At least, that’s how it seems in the US– I can’t speak for Canada or Britain. Here in the States we’ve hardly heard a peep about a critical event in our history, which shaped us almost as much as the Revolution.
I am referring, of course, to the War of 1812.
Being the history fanatic that I am, I find this omission frustrating. The war, which lasted until December, 1814, is almost forgotten nowadays, although it has been referred to as the Second War for American Independence. Had we lost it, the United States as we know it probably would not exist. But there has hardly been any public mention of the bicentennial, and only a few, small remembrances of individual battles and events (in Canada it may be a different story– the war was an important factor in the development of a Canadian national identity).
I do, however, understand why we Americans are reluctant to remember the war. It’s embarrassing.
Basically, the war, launched on a mixture of genuine grievances against Great Britain and an imperialist lust to conquer Canada, was plagued with failure and disaster. Our attempts to invade Canada (at least four separate efforts) all failed in welters of mismanagement and stupidity. We enjoyed some successes against the Royal Navy in individual actions at sea, but eventually the British locked a blockade on the American coast and largely bottled up our navy. Toward the end of the war we finally began to field effective armies, but they weren’t there to stop the British from burning Washington DC in August 1814. The war ended in a stalemate and a peace treaty that addressed none of the original American grievances.
Reading this history as an American, my basic instinct is to cringe and cover my eyes. Not only were our forefathers infected with naked imperial ambition– even Thomas Jefferson thought taking Canada was a great idea– they were incompetently nakedly imperially ambitious (yes, I need three adverbs– it’s that bad). The American grievances were about British interference in neutral trade and their impressment of American citizens into the Royal Navy and were real enough, but they were used as an excuse for the United States to go conquering other people, most of whom refused to be conquered.
Ironically, despite the final stalemate, the disasters and the failure to take Canada, the war produced a surge of nationalistic feeling in the US. In a classic example of selective memory, Americans focused on their successes (especially the much ballyhooed Battle of New Orleans, which happened after the peace treaty was signed), and the fact that we had, for the second time in our history, stood off the greatest empire on Earth. In time, though, the war faded from our consciousness, except when we wanted to remember our early naval victories or Andrew Jackson.
Personally, I think some remembrance would be appropriate, if nothing else to remind ourselves of the costs of greed and arrogance, and to admit our past wrongs. More than likely there will be a remembrance of the burning of Washington and the bombardment of Fort McHenry, to which we owe “The Star Spangled Banner”, easily the most musically difficult national anthem in the world. But, aside from that, it looks as if the whole business is going to be passed over in silence. Sigh.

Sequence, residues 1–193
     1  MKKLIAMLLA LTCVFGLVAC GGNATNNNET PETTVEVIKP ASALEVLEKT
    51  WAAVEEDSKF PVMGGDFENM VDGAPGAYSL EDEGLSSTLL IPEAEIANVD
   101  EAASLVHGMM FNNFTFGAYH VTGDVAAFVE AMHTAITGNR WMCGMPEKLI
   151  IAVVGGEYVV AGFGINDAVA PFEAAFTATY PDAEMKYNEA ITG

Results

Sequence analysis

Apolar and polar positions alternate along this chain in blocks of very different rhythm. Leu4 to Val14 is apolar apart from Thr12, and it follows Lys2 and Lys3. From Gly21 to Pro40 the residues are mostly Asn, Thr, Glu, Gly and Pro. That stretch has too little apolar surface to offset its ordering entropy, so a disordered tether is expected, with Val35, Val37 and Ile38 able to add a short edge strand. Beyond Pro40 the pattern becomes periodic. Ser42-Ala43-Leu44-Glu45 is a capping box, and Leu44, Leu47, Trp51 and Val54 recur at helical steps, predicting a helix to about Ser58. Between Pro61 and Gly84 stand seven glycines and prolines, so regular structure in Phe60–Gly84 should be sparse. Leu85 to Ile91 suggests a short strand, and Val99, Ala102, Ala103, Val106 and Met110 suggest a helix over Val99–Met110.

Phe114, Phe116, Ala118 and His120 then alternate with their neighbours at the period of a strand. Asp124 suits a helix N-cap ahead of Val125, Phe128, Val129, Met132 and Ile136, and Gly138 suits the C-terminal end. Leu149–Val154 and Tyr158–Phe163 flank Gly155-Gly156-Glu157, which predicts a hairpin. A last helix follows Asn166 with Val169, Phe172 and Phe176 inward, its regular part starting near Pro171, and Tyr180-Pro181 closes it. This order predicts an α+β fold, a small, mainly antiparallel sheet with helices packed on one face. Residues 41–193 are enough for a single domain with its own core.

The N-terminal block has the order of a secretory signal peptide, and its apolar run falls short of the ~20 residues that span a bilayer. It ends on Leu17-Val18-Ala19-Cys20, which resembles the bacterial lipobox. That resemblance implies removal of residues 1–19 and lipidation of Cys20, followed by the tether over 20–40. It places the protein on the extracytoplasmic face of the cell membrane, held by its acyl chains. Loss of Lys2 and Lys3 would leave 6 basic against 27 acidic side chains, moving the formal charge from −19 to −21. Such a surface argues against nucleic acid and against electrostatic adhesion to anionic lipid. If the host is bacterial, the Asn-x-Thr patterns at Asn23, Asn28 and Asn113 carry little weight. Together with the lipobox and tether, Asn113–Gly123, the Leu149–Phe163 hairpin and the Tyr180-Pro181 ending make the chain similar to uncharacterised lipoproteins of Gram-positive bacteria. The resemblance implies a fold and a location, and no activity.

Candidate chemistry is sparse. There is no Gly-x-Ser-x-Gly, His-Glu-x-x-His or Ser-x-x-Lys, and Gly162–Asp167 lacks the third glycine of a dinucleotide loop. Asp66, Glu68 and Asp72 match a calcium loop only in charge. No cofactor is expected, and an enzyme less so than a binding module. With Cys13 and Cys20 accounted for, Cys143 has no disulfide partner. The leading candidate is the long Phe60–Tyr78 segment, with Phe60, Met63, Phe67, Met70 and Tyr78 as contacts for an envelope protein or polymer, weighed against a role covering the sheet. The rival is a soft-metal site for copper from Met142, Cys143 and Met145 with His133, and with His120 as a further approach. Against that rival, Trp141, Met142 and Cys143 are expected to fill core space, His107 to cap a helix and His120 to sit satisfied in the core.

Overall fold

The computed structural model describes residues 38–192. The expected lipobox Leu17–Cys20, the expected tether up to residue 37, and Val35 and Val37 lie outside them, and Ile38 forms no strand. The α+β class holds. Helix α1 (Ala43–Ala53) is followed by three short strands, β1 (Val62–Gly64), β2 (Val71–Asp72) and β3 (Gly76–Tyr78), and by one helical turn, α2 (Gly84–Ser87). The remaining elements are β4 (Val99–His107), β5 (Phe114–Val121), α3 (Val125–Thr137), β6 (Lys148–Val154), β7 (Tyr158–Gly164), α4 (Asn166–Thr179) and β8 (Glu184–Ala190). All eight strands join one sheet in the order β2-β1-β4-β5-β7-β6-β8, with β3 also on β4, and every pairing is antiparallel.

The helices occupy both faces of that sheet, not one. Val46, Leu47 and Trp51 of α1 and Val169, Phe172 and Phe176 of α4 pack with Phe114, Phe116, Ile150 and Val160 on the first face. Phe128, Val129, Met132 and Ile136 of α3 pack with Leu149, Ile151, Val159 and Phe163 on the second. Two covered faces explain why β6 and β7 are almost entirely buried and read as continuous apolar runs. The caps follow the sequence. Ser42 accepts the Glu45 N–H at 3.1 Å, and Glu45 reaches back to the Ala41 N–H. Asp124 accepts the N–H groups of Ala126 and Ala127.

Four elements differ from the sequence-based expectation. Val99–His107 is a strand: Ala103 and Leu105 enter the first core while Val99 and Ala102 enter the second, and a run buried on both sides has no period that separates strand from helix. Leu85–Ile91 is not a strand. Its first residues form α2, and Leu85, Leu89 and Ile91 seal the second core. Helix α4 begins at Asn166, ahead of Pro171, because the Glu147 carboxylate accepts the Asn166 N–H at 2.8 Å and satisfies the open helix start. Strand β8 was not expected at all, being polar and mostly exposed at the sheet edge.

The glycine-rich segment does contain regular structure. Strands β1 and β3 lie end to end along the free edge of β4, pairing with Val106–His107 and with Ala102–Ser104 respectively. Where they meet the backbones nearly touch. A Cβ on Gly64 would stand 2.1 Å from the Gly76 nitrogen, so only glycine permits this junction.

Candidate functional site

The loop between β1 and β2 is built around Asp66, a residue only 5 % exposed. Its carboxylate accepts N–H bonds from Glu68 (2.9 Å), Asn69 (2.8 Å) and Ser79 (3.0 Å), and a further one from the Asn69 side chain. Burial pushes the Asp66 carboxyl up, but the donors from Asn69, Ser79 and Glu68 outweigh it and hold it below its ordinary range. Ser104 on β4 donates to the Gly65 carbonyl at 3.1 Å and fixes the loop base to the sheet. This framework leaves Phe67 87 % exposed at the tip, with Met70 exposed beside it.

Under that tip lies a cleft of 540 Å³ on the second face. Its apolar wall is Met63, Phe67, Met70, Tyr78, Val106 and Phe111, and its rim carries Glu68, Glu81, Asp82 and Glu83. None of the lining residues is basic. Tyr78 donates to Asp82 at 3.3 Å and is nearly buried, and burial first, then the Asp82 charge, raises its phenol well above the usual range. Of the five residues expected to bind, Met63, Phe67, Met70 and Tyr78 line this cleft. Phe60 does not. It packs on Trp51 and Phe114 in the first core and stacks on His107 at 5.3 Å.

As a writer, though, I find this another period loaded with riches– overlapping the Napoleonic Wars, the Regency, and the start of the Industrial Revolution (at the war’s end the Americans were close to launching Demologos, the world’s first steam-powered warship. There’s an alternate history story for you). Jane Austen lived and wrote in this period, although, oddly enough, she barely mentions the war against Napoleon in her novels, and the American war, not at all. There are all sorts of fascinating details and events. For example, the British had a fortress in Dartmoor which served as a prisoner of war camp for both American and French POWs. The history of the place reads rather like ‘Jane Austen meets Stalag 17‘. There was the American guerrilla war against British commerce at sea, the tragedy of Tecumseh and the loss of the last chance for a Native American confederacy in the Midwest, the American victories on Lake Erie and Lake Champlain (which forestalled British counter-invasions from Canada), and the resurgence of piracy in the Caribbean (a consequence of the extended war between Britain and France). It is a marvel to me that no one has made a movie of the cruise of the USS Essex in the Pacific under David Porter, one of the epics of American naval history.
Other authors, such as C. S. Forester, Bernard Cornwell and Patrick O’Brian, have mined this period well for material. I have at least a few story ideas, starting with the Demologos, a tale about the Dartmoor prison, and a novel about a pressed American seaman in the Royal Navy. This last idea could be really interesting, as Americans are known to have been involved as seamen in many battles against Napoleon prior to 1812– for example, there were at least twenty-two Americans aboard the HMS Victory at the Battle of Trafalgar. This created some problems, obviously, when the United States declared war on Britain, which could be a great source of tension.
But these ideas, at this point in time, are part of that mass of story concepts I have in the back of my head which I may or may not ever have an opportunity to write. I’ve got a solid set of projects already in progress, so it’s an open question if any of these historical stories will see the light of day. If anyone else feels inspired to tackle the ideas I mentioned, have at it.
As far as the bicentennial is concerned, I suppose we’ll each have to remember the war in our own ways. For me, there’s always Johnny Horton.**
(**To be fair, Johnny’s history is wildly inaccurate– but I love marching Legos. And, no, I’m not terribly consistent….)